It was this day a year ago, the day before father’s day, that Veronika’s hip went from bad to really not good. We were at dancing and I noticed a significant change in her gait(the way she was walking) and her hip were asymmetrical. I worried about it all day, until it got the better of me, and I decided not to wait until the weekend was over, so I text a video of her walking to her physio. Her reply was quick and to the point, ‘I will see Veronika tomorrow’…..and that’s when I realised just how bad Veronika’s hip was.
So much has happened in this last year…from a couple of new diagnosis, which has meant Veronika has added some new specialist to Team Veronika(those who care for my girl)…orthopaedic, wound care, paed rehabilitation, and respiratory.
I have learnt more about spica(plaster) care and how to best manage Veronika while she was in plaster from her arm pits to her left ankle
I have learnt way more about pressure sores/ulcers and wound care than one would ever want to have to learn about….I said to Veronika’s orthopaedic surgeon, that the pressure wound was way harder to manage than Veronika in her spica.
I have learnt how serious pressure ulcers are, but I have also learnt that Veronika’s therapists will clear their diary to see Veronika and figure out the best way to manage her pressure areas, not once, but every morning for 4 days, ‘because Kylee, this is serious…’
I have learnt just how important it is for Veronika to maintain her core stability…..I never imagined that Veronika having a hip reconstruction would mean she would lose most of the function in her left hand(her side affected by her hemiplegia)….being in a spica for 3 months and not activating her core muscles for weeks, had a dramatic affect on her left hand.
I realised just how much everything affects everything, and while all your focus may be on one or 2 things, other areas of Veronika’s development suffers….something I had never though of going into surgery.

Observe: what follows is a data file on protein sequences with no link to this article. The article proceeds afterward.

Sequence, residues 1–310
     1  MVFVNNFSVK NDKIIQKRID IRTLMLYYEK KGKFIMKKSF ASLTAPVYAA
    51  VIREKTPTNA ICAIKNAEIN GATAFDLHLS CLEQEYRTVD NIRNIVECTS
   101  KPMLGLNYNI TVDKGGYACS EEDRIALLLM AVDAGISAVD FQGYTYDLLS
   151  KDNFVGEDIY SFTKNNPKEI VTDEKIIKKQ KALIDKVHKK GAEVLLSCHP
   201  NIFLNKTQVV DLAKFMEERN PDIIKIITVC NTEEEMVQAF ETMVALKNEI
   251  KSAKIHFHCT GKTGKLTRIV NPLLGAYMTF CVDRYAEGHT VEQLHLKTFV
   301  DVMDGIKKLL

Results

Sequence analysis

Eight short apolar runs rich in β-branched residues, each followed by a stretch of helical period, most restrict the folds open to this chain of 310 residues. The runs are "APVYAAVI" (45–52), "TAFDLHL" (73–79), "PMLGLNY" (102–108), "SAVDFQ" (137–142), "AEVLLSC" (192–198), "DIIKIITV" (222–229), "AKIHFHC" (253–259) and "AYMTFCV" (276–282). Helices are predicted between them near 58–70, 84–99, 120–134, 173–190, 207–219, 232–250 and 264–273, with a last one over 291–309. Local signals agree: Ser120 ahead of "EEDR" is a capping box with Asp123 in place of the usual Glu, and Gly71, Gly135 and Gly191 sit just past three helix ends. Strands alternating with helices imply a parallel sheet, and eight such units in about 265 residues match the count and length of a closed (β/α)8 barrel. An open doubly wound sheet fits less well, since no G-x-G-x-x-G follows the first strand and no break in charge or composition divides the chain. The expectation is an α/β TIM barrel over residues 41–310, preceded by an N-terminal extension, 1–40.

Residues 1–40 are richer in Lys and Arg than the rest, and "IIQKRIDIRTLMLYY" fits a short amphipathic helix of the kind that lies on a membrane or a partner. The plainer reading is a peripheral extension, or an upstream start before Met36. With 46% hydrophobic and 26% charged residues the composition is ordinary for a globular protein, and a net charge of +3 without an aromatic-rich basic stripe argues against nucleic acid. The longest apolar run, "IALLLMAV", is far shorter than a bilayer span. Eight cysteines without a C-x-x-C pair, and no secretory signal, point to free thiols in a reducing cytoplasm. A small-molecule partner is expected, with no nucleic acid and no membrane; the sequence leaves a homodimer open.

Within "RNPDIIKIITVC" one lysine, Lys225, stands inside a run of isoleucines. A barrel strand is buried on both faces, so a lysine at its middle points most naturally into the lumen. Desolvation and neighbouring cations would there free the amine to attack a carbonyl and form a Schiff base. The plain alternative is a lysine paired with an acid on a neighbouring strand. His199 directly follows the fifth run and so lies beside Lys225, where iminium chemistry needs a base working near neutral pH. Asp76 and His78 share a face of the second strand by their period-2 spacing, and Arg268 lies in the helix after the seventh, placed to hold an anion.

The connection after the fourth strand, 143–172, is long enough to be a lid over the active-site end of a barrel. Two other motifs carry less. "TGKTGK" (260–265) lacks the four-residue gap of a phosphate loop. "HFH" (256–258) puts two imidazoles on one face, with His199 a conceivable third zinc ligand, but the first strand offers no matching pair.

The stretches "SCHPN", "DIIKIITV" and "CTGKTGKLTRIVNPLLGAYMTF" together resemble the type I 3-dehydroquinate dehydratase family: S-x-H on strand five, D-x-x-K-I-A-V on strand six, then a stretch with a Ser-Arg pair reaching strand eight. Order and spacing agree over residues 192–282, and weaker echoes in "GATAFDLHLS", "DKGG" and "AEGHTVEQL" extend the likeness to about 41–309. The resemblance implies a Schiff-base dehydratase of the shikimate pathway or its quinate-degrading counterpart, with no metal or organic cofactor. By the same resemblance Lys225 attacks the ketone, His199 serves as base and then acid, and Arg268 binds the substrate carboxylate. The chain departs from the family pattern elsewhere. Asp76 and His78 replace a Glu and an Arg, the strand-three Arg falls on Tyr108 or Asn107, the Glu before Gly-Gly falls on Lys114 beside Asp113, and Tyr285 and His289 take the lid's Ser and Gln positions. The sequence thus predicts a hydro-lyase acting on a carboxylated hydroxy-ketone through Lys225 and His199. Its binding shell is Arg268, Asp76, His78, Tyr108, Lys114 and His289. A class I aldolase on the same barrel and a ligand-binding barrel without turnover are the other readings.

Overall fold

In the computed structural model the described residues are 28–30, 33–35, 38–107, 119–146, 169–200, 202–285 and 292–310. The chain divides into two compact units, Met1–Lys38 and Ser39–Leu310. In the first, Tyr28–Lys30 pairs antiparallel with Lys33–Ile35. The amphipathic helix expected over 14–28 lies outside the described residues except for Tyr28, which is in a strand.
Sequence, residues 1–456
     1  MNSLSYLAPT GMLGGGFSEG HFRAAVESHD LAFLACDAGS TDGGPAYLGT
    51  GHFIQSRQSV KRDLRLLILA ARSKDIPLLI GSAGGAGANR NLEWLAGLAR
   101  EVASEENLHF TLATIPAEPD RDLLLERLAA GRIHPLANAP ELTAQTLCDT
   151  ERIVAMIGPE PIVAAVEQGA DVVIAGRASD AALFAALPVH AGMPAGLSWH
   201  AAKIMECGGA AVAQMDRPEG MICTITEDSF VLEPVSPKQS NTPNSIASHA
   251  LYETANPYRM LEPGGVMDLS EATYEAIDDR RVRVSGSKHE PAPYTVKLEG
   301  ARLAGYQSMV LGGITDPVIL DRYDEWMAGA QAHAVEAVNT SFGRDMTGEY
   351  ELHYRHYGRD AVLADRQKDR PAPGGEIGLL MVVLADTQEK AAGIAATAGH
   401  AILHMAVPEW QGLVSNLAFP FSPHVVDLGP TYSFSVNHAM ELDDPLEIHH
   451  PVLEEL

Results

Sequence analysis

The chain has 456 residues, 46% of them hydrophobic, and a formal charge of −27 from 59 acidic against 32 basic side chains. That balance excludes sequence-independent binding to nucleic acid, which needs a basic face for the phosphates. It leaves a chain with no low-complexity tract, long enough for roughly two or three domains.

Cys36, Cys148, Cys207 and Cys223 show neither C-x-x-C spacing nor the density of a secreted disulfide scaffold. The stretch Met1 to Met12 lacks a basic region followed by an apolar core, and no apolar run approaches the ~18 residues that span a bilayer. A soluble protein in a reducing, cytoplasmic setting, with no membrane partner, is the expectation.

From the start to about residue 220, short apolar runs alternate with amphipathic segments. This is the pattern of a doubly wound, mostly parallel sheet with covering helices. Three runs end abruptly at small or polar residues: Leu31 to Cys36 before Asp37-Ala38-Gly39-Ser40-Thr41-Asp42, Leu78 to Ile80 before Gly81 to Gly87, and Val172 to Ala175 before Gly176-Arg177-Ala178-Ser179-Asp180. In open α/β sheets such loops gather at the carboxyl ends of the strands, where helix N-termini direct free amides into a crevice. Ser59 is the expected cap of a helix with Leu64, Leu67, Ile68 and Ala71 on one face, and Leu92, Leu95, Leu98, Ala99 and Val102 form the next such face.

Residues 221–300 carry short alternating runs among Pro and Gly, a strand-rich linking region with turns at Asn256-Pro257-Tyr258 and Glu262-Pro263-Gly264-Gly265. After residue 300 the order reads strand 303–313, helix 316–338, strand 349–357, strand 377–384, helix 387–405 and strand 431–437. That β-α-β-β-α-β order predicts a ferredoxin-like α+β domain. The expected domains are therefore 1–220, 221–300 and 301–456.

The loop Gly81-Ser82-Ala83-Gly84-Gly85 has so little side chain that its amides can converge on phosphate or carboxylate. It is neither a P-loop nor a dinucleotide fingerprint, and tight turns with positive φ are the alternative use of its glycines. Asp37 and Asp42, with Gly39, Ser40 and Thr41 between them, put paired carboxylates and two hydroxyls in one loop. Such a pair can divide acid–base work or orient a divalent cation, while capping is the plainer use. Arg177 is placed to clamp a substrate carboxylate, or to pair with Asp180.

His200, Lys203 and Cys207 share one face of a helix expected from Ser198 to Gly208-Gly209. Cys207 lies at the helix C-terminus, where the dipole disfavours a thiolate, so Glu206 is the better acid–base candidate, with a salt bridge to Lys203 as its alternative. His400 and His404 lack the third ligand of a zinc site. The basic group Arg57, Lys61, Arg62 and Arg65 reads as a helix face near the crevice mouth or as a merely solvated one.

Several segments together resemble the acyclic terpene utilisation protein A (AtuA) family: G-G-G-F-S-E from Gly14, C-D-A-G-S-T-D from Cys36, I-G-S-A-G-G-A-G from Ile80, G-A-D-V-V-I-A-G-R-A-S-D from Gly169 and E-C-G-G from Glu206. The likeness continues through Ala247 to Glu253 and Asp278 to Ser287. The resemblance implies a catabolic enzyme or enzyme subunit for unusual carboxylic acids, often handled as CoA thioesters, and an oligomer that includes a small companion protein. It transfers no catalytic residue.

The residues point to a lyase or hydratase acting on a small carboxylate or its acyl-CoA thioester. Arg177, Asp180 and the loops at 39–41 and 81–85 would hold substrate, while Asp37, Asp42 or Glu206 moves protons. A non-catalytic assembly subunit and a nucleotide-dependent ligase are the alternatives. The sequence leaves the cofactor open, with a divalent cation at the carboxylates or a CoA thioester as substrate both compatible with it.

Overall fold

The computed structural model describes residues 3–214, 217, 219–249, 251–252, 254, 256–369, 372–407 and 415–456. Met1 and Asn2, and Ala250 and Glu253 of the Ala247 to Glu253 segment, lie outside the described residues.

I have learnt not to be too hard on myself, to not feel guilty that ‘I am not doing enough’ …when I see and read of what other Mum’s are doing for their child…. the therapies, the planning, the alternative therapies they are researching/and or doing locally, interstate and overseas, the supplements, the home programs, the blood tests to check so many different things, the research, research research….for me just getting out of bed in to morning to do another day has had its challenges, especially after getting up to Veronika sometimes up to 10 times a night to resettle her. I have no idea how I have functioned over the last 5 months on such limited sleep, I don’t know that I should even be calling it ‘sleep’….but somehow I have, and once I made the decision to ‘not feel guilty about what I was or wasn’t doing….it was easier.
I realised that to sit and play and talk with Veronika, to let her ‘just be a kid’ is sometimes the best therapy for both of us.
I have learnt to forgive myself, and not blame myself for things out of my control….it is what it is.
I have learnt that Veronika is the most amazing resilient child, no matter how many health challenges are thrown her way, she wakes up each day with a smile, even the days she was vomiting from the pain her body was in, she would still manage a smile.
I have also learnt that Veronika is loved and has been missed at school….heading into her classroom and hearing the excitement from her peers when we have visited….‘Veronika’s here Mrs Gralak’ as they are excited to tell their teacher…